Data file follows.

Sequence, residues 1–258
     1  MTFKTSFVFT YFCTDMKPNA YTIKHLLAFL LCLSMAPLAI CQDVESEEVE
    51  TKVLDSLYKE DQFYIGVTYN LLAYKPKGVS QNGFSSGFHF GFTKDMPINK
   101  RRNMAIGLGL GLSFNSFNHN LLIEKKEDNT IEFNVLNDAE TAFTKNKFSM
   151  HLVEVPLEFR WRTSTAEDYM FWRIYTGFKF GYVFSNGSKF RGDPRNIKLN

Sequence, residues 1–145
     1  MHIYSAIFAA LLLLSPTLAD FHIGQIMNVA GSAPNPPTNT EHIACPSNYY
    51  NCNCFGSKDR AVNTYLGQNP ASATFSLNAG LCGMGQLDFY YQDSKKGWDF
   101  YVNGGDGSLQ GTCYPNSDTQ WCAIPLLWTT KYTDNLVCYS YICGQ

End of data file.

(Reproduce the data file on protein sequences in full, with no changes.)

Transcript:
Sequence, residues 1–258
     1  MTFKTSFVFT YFCTDMKPNA YTIKHLLAFL LCLSMAPLAI CQDVESEEVE
    51  TKVLDSLYKE DQFYIGVTYN LLAYKPKGVS QNGFSSGFHF GFTKDMPINK
   101  RRNMAIGLGL GLSFNSFNHN LLIEKKEDNT IEFNVLNDAE TAFTKNKFSM
   151  HLVEVPLEFR WRTSTAEDYM FWRIYTGFKF GYVFSNGSKF RGDPRNIKLN

Sequence, residues 1–145
     1  MHIYSAIFAA LLLLSPTLAD FHIGQIMNVA GSAPNPPTNT EHIACPSNYY
    51  NCNCFGSKDR AVNTYLGQNP ASATFSLNAG LCGMGQLDFY YQDSKKGWDF
   101  YVNGGDGSLQ GTCYPNSDTQ WCAIPLLWTT KYTDNLVCYS YICGQ